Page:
Professor Tim Lindsey from Melbourne University said an Asian Union was a fantastic idea.
"We are living in the "Asia century," he said.
"Australia is uniquely positioned as the only Western society in Asia and we have never capitalised on that, despite most of our commodities going to Asia."
He said Australia was still suffering from a "colonial hangover" by setting ourselves apart from Asia.
"This perception of ourselves as a European nation has to change," he said.
Professor Lindsey's assertion that "Australia is uniquely positioned as the only Western society in Asia" is geographically erroneous. Australia is not a part of Asia - it is a unique continent in its own right. Moreover, if Professor Lindsey were to stroll over to Melbourne University's Geography Department and examine a map of the globe, he'd find that most European capitals are, in fact, closer to the major Asian power centers than the Australian capital Canberra.
Geographical fallacies aside, Professor Lindsey's comments are a reminder that most of Australia's political, economic and academic elites are at best indifferent, at worst openly hostile, to the preservation of Australia's historic European culture and majority population. In fact, according to the good professor, the loss of our identity as a predominantly European nation would be desirable! Lindsey presumably believes that the disappearance of traditional British/European Australia is required to rid this country of its "colonial hangover," so that a new, emancipated Australia can fully realise its Asian destiny.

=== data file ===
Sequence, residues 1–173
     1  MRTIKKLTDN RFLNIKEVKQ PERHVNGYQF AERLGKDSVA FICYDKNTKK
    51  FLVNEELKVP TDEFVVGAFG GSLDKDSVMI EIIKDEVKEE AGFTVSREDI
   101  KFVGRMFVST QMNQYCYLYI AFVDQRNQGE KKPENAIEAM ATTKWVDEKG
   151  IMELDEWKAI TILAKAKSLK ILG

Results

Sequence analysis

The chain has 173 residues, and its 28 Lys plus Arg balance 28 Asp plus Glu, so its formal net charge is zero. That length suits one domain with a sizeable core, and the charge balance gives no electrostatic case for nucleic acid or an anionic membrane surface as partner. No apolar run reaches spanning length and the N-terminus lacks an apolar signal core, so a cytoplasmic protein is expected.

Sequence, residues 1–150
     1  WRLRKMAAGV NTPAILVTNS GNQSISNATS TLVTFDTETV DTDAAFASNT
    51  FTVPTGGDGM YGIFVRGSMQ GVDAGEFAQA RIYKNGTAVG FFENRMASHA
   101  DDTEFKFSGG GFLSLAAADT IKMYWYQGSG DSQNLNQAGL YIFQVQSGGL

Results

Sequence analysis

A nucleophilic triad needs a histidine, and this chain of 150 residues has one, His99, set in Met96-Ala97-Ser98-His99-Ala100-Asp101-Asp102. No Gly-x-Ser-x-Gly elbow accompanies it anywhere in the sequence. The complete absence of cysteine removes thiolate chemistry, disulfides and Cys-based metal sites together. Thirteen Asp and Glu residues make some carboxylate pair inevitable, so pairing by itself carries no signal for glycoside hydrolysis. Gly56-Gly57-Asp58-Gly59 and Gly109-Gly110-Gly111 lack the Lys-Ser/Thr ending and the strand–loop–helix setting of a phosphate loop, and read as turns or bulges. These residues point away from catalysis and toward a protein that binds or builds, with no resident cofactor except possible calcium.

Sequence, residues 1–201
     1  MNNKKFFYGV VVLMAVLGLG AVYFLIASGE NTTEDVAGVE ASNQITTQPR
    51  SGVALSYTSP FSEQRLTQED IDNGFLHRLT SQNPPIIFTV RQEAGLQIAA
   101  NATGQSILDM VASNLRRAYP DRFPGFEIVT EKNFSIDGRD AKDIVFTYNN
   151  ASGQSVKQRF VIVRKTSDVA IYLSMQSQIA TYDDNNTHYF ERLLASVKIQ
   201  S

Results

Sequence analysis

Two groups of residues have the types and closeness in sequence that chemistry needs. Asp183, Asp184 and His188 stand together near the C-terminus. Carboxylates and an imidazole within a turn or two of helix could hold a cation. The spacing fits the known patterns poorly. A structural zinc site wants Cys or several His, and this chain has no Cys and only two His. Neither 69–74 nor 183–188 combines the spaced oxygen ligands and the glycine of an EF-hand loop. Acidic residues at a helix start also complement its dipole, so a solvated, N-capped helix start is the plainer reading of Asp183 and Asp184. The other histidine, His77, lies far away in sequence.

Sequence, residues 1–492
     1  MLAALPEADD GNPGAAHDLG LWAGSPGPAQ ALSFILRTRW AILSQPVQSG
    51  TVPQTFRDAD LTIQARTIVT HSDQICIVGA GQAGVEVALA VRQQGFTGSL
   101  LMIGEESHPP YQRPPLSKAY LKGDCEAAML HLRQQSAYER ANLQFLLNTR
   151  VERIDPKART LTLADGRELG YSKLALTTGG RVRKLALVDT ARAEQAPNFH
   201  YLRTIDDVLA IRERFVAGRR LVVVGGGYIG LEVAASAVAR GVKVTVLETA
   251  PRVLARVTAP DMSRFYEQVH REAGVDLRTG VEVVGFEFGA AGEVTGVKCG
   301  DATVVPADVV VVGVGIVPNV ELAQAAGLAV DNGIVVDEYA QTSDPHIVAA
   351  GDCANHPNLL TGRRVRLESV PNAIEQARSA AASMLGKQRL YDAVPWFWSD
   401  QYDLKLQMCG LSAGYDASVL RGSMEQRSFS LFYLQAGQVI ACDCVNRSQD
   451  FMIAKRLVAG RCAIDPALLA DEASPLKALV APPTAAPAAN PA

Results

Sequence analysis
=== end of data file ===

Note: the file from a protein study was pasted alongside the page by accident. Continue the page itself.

While demanding that Australia's historic identity be extinguished in order to "capitalise" on the "Asia century," Lindsey doesn't actually explain in any specific terms how Australia would benefit from becoming less European and more Asian. More trade? As the professor himself notes, most of our commodities are already going to Asian countries. And we certainly don't have much else to export to Asia, especially not since our own manufacturing sector was decimated by the rise of the Asian manufacturing mammoths. In reality, trade with Asian countries does not depend on Australia redefining itself as a part of Asia. No more than the remarkable post-war increase in trade between Japan and Western countries was contingent on Japan abandoning its traditional identity.
What does Australia stand to gain then? More "cultural enrichment"? While de-Europeanisation may be the goal of those elites who loathe traditional Australia, and believe that Asian peoples and cultures offer something inherently superior, not many Australians would consider the loss of their identity and culture "enriching." The wholesale destruction of a nation's historic identity and culture never is.